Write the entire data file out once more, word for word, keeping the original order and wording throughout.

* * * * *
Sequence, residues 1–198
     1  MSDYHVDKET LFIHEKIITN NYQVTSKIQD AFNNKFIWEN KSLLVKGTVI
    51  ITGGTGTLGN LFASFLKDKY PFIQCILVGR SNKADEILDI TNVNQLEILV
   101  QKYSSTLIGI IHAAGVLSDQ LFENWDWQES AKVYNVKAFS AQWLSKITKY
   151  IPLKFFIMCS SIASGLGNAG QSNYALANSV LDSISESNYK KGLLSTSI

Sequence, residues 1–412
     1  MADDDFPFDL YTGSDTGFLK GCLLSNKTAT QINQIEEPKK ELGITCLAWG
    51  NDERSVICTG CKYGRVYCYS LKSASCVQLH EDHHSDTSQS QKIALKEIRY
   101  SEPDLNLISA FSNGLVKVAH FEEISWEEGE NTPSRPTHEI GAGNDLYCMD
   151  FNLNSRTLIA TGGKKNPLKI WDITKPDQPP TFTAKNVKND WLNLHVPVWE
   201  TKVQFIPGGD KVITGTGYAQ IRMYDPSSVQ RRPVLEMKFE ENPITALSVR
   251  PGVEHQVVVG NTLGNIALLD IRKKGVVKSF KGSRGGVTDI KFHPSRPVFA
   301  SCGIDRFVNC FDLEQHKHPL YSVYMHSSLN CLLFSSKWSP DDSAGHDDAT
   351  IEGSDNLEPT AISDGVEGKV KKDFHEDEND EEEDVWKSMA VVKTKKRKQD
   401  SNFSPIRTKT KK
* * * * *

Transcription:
Sequence, residues 1–198
     1  MSDYHVDKET LFIHEKIITN NYQVTSKIQD AFNNKFIWEN KSLLVKGTVI
    51  ITGGTGTLGN LFASFLKDKY PFIQCILVGR SNKADEILDI TNVNQLEILV
   101  QKYSSTLIGI IHAAGVLSDQ LFENWDWQES AKVYNVKAFS AQWLSKITKY
   151  IPLKFFIMCS SIASGLGNAG QSNYALANSV LDSISESNYK KGLLSTSI

Sequence, residues 1–412
     1  MADDDFPFDL YTGSDTGFLK GCLLSNKTAT QINQIEEPKK ELGITCLAWG
    51  NDERSVICTG CKYGRVYCYS LKSASCVQLH EDHHSDTSQS QKIALKEIRY
   101  SEPDLNLISA FSNGLVKVAH FEEISWEEGE NTPSRPTHEI GAGNDLYCMD
   151  FNLNSRTLIA TGGKKNPLKI WDITKPDQPP TFTAKNVKND WLNLHVPVWE
   201  TKVQFIPGGD KVITGTGYAQ IRMYDPSSVQ RRPVLEMKFE ENPITALSVR
   251  PGVEHQVVVG NTLGNIALLD IRKKGVVKSF KGSRGGVTDI KFHPSRPVFA
   301  SCGIDRFVNC FDLEQHKHPL YSVYMHSSLN CLLFSSKWSP DDSAGHDDAT
   351  IEGSDNLEPT AISDGVEGKV KKDFHEDEND EEEDVWKSMA VVKTKKRKQD
   401  SNFSPIRTKT KK